So, once done, we met the most awesome Prince of Ethiopia (Ken and Tiffany’s boy, who everyone refers to as the Prince, resplendent in traditional Ethiopian garb for the New Years celebration and to meet his parents) and then we went to hang with the toddlers while they had their traditional Ethiopian lunch to celebrate New Years Day. We were honoured to observe the traditional festival meal, and the children sang a song to the Prince’s parents to welcome them.
And then, it was our turn.
Off to the Babies’ Transition Home we went. It’s a beautiful, big home in a brand new and quite affluent development in Addis. We arrived to learn our daughter was not ready for us yet — a diva! how perfect! — so we waited a few minutes.
The door opened, and out came the head nurse with this breathtakingly gorgeous little girl. And into our arms she was passed.
We looked down at her, and cooed and talked to her.
She smiled a big grin.
And then she blew bubbles and raspberries at her Daddy.
We were, as you can imagine, instantly and completely smitten.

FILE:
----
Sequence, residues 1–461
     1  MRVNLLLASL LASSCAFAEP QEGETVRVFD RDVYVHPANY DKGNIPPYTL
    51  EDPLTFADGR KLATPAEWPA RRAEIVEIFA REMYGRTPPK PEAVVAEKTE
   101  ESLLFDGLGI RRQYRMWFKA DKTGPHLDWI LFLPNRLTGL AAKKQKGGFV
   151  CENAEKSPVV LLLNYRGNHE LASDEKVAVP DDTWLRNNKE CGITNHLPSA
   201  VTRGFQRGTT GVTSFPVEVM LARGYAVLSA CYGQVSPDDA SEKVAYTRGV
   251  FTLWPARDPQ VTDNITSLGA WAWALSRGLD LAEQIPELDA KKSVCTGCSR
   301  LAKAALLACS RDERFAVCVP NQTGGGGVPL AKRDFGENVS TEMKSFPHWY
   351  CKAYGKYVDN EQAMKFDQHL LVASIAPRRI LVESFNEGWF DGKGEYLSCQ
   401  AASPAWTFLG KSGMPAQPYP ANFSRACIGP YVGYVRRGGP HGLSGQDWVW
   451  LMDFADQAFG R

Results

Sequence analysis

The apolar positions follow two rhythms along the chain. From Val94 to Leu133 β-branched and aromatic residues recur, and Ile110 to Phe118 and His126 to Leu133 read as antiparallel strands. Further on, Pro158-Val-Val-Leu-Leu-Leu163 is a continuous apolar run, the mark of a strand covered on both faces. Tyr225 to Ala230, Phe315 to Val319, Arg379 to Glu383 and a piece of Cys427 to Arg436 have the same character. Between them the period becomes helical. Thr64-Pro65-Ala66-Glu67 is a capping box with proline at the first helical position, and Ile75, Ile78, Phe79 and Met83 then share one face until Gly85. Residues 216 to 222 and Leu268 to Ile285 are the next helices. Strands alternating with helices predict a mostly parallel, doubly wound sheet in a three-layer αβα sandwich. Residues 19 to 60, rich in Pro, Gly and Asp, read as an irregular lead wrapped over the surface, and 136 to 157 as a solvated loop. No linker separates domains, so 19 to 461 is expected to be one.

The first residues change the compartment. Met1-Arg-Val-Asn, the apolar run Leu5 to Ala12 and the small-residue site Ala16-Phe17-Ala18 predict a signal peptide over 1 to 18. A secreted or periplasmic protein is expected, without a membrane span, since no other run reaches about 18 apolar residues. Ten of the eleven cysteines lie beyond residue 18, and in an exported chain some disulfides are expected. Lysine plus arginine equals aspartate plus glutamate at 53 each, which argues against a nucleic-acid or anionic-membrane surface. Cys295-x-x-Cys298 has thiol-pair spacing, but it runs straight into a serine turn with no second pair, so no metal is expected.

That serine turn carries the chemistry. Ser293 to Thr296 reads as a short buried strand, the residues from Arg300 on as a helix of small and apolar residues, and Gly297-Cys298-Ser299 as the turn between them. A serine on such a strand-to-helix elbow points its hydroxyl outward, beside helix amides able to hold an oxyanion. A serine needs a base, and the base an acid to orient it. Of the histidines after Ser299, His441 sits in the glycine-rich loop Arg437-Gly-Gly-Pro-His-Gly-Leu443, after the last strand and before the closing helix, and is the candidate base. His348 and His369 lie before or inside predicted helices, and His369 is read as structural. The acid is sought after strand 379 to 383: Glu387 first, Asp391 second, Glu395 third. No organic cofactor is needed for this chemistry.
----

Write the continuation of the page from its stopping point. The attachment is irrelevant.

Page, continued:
So we walked around with her and saw all the babies, most contentedly playing or cuddling with a caregiver or snoozing in their cribs. I have never seen 6 rooms so filled with beauty in my whole life.
(And Dianne? Your girl was asleep. But she has the most adorable little pigtails, all over her head.)
We carried our daughter, dressed herself in a traditional Ethiopian holiday dress, around to say hello to all the caregivers, who really, truly take incredible care of these babies. I was so impressed with the house, the healthy happy children, and the care and love these women and men lavish upon each and every child. The standard of care is exceptional — at both locations.
After the tour, we had a coffee ceremony. We had coffee and popcorn and some bread — all of which went over a big hit with all four of us parents, as well as Solomon and Germachew, our liaisons. And our girl began to fuss a wee bit — naptime was approaching — so I got up and rocked her to sleep. She fell asleep in my arms, and we marvelled at how any one little girl could be so immeasurably beautiful.
I handed her off to Solomon, who snuggled her for a while and then took her to her crib.
Once the coffee ceremony was done, Solomon urged us to go and say a goodbye to our daughter. We went in to find her sound asleep, tired out after all the excitement, blankie grasped in one tiny fist, knees tucked under her and bum in the air, like something out of a picture. If we hadn’t been completely smitten with her by then, that one glimpse of her sealed the deal. She’s an angel sent straight from heaven.
So we left our sleeping angel for the day.
Tomorrow we return. More visiting with the wonderful staff and rocking toddlers and sweet babes, more coffee ceremonies.
And then, we bring our girl into our life for good and ever.